People, this could happen to any of you. Maybe you’ll be blessed with a dead battery in your family hauler this summer, and if you are, Murphy’s Law says it’ll happen when your entire family is on board, and while all of their gear is piled into the trunk, thereby burying the booster cables you left in the spare tire well. No matter, though: because Murphy’s Law also states that this will all occur in an empty parking lot, miles from home, without a soul in sight to help lend you some electrons to jump-start your engine.
Turns out, there’s a simple way to stick it to Murphy, and his stupid law: get yourself a portable power pack, and submit your archaic jumper cables to the nearest appropriate recycling receptacle.
Join me in saying the following: “Hey, Murphy. Screw you!”
As battery technology becomes more advanced and affordable, smaller and smaller devices can store more and more juice – including within a new breed of portable power packs that can boost numerous dead car batteries on a single charge, whether you’ve got a donor battery nearby or not. No matter where you are. No matter what time it is.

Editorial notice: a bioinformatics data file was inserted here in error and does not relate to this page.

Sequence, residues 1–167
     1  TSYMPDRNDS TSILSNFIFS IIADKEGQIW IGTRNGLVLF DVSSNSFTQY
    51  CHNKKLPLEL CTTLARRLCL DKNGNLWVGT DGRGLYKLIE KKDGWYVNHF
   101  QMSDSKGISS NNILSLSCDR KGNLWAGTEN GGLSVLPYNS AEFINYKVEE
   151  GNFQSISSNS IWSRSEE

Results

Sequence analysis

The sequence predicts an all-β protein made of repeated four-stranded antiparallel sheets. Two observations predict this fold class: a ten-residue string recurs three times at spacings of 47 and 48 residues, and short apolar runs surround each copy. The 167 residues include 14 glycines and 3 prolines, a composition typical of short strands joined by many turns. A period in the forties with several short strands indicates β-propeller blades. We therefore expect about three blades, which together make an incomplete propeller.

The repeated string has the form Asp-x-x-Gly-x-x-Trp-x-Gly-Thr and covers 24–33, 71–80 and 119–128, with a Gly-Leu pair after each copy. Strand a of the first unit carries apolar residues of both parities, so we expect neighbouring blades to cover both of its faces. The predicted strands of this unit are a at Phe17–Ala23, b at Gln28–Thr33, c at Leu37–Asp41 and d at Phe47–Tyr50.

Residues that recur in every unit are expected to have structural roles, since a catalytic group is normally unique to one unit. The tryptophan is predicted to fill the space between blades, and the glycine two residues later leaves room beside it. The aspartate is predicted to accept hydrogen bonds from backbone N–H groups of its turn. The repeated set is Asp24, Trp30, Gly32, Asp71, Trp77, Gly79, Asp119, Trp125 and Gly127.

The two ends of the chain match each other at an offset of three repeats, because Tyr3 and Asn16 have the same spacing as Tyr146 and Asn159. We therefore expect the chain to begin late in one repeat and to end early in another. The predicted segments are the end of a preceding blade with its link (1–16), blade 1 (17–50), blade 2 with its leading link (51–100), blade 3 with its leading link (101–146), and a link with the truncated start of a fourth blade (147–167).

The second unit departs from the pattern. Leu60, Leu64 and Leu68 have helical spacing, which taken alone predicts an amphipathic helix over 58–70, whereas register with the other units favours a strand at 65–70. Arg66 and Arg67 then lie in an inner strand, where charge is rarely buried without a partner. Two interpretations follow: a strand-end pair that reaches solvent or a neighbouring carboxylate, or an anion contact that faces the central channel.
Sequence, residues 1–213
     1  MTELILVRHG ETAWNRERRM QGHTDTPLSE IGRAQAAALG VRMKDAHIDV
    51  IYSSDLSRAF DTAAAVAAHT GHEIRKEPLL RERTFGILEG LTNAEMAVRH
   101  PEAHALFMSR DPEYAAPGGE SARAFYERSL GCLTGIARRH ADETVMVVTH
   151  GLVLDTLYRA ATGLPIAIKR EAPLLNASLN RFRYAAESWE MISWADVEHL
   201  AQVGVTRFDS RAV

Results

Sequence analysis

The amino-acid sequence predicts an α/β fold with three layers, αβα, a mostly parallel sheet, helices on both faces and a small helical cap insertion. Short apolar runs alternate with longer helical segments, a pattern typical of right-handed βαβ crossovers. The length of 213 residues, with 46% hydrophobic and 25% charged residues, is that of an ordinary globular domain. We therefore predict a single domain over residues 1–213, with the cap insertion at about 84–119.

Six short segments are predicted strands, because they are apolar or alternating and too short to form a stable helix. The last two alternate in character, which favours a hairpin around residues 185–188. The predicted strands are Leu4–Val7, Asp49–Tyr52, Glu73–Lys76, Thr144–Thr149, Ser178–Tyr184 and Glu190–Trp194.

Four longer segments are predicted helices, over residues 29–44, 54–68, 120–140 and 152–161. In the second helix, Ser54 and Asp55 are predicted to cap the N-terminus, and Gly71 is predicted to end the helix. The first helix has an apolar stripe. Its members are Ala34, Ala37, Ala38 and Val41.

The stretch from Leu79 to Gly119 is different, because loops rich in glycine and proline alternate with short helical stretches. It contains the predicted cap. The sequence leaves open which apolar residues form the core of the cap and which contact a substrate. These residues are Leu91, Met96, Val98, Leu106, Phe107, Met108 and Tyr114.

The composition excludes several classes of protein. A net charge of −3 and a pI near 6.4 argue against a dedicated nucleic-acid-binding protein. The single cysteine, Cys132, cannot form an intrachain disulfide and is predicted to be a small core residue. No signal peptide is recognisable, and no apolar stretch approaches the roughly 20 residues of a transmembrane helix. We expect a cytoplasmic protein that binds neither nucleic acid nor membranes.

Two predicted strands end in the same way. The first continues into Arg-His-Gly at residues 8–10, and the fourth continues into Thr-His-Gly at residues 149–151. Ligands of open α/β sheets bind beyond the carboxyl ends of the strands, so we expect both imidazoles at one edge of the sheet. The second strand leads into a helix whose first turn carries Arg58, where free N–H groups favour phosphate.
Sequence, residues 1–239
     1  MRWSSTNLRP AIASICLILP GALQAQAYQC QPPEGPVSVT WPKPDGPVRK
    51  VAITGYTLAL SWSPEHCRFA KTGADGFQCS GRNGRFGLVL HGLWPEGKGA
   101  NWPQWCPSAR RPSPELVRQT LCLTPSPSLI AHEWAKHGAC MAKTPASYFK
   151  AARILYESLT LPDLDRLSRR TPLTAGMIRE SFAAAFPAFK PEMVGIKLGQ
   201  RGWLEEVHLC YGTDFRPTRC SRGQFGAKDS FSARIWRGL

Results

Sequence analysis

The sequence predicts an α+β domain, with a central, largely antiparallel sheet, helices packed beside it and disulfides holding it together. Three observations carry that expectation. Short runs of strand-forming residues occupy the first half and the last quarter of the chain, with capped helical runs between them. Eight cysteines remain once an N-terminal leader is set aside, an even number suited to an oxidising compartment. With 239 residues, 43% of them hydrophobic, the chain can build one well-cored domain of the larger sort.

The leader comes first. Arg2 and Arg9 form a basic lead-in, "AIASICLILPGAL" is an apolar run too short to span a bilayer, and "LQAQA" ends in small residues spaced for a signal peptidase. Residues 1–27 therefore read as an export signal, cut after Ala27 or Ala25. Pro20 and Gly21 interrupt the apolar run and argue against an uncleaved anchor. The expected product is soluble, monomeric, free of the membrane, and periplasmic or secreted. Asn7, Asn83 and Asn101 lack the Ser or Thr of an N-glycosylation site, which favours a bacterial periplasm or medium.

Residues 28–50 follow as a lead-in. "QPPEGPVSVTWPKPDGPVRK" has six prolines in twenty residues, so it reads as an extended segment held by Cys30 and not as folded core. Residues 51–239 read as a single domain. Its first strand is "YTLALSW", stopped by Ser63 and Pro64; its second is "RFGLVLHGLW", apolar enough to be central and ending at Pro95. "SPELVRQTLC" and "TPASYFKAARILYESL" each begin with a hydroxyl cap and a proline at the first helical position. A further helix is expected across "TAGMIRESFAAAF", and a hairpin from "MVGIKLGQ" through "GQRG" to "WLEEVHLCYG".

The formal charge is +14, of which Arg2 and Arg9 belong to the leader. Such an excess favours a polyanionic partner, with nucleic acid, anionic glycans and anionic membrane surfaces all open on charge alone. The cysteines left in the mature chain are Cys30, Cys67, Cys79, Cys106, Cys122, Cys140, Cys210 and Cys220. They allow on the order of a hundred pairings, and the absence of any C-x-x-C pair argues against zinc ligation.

So, consider investing $100 to $200 on a portable power pack, and then travel with high-tech protection from dead batteries in your car, or anything else.
Your writer, and his mechanic pal, have personally tested the Noco Genius Boost Jump Starter, the Cyntur JumperPack Mini, and several similar power pack products available from your local department store or auto parts centre. I’m not here to sell you one. Some are all fancy, others are basic. But they all do basically the same thing: get your dead battery functional again, sans jumper cables.
The sticky? You plug these devices in (at home, or via your car’s power outlet), to store a charge in an integrated battery. Most of these new, ultra-portable power packs are small enough to fit easily in your car or crossover’s centre console storage bin, door pocket, or glovebox—meaning they’re easily accessible when needed, and not likely to be forgotten deep within your ride’s spare tire well, or hanging on the wall in your garage.